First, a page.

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For example we can now see an almost nostalgic representation of male patriarchy within the film ‘Fight Club’ (Fincher, 1999). Although this film has been seen by many as a stinging indictment of consumer culture. Others take as a as key to understanding the new realities concerning masculinity. Primarily using the work of Laura Mulvey and Henry A. Giroux I believe that it is clear to see that the themes and issues which are central to Fight Club are based primarily on gender. Additional to this, the fragility of man and narratives surrounding masculine supremacy are present throughout, and undermine any notions of critical morality.

One of the key issues which Giroux raises is that Fight Club tries to suggest that consumerism has destabilized masculinity in effect masculinity has been emasculated. “Ostensibly, Fight Club Appears to be a critique of late capitalist society… But Fight Club is less interested in attacking the broader material relations of power and strategies of domination and exploitation associated with neoliberal capitalism than it is in rebelling against consumerist culture that dissolves the bonds of male sociality and puts into place an enervating notion of male identity and agency” Giroux, 2000:3.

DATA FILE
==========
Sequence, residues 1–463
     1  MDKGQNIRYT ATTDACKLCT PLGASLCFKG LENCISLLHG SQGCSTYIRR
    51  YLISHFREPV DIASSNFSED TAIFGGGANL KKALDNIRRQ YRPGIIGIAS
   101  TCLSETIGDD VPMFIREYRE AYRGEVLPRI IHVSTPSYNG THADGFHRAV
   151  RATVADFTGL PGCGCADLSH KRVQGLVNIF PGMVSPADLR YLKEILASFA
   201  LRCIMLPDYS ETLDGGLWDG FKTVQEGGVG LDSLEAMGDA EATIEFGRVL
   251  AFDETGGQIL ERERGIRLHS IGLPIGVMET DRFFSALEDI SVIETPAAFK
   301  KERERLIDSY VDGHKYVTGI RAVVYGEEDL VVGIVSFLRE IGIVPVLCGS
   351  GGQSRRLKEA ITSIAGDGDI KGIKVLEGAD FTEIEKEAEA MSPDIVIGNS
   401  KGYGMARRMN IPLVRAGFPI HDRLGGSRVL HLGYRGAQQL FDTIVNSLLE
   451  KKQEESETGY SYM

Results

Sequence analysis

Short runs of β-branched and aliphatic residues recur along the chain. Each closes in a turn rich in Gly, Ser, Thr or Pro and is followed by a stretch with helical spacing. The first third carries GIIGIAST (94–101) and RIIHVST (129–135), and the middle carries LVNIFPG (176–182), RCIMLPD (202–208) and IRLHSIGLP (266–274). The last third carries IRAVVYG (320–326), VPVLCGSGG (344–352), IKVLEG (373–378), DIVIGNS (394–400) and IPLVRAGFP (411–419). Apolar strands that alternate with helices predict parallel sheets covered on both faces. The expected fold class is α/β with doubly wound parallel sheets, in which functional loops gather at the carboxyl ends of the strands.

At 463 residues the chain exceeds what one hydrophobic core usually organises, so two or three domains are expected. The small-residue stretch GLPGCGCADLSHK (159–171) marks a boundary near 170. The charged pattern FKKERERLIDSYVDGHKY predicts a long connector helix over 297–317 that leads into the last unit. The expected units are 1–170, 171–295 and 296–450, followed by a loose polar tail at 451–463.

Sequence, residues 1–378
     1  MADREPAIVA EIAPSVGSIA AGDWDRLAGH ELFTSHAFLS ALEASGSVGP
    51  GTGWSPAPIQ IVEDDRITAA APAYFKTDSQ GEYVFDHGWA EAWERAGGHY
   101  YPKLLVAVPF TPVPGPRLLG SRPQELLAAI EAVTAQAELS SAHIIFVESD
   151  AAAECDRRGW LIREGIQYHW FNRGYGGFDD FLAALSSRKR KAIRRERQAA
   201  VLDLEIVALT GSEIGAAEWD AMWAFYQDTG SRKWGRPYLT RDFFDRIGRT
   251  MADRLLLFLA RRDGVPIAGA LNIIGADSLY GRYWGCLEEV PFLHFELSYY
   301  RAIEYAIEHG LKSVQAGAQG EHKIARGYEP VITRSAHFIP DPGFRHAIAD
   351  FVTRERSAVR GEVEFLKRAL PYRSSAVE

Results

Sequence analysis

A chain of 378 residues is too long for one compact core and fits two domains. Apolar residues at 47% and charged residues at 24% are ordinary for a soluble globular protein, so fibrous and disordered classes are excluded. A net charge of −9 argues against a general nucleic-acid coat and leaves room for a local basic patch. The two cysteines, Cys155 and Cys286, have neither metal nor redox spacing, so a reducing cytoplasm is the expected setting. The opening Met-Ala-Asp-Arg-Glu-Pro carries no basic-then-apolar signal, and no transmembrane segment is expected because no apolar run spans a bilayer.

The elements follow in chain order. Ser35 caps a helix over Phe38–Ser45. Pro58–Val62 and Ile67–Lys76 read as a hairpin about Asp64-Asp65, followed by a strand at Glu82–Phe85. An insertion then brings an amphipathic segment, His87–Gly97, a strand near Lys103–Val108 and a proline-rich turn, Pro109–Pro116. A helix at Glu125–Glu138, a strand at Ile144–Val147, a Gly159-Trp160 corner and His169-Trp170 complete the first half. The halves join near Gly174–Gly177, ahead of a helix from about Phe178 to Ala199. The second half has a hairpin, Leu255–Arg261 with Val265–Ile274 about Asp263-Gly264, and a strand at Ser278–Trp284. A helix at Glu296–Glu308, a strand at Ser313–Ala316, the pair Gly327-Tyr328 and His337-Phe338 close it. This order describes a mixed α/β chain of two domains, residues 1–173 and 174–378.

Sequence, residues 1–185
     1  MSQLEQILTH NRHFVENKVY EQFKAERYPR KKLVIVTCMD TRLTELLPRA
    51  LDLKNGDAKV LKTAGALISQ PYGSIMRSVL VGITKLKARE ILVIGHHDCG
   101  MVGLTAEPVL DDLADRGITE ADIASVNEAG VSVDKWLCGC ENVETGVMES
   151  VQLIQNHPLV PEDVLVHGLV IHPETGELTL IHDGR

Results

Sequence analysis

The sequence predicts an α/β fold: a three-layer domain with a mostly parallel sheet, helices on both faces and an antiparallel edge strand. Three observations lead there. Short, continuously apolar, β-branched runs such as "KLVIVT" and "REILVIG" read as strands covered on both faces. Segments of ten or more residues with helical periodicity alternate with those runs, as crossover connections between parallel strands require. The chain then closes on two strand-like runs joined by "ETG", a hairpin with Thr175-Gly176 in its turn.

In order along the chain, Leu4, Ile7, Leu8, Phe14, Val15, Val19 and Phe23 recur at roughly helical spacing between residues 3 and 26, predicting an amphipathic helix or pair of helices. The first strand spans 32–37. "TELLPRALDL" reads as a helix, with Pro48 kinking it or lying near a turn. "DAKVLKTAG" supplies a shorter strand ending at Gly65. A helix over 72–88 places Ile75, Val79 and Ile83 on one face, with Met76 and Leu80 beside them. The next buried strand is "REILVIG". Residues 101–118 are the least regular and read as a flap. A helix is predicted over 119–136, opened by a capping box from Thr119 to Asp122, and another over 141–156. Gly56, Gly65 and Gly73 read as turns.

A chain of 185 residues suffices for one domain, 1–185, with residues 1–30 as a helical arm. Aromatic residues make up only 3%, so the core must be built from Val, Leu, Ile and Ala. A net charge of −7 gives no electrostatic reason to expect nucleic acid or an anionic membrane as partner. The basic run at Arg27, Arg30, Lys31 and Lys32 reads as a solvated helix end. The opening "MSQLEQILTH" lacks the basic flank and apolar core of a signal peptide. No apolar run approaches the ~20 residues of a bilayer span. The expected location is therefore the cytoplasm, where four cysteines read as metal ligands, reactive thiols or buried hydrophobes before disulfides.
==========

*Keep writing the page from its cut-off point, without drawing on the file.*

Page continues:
The roles on which men and women are often portray within film narratives is an area which Laura Mulvey has explored in her essay (first published in 1975) ‘Visual Pleasure and Narrative Cinema’. Within this piece of work Mulvey outlines that both men and women occupy different areas of the text. Women are defined by Mulvey as being the “object of the look and men as being in control of the gaze” (Nelmes, 2003:254). This in essence places the men and women as being in binary opposition to one another. This is not to suggest that men are not looked at during the film of course this would be futile.

But what Mulvey suggests is that the men are looked at by other men, not in terms of object but as a projection of who we would like to be. She identifies Lacan’s childhood development theories regarding reflection as key to this understanding: “As the spectator identifies with the main male protagonist, he projects his look onto that of his like, his screen surrogate, so that the power of the male protagonist as he controls events coincides with the active power of the erotic look, both giving a satisfying sense of omnipotence.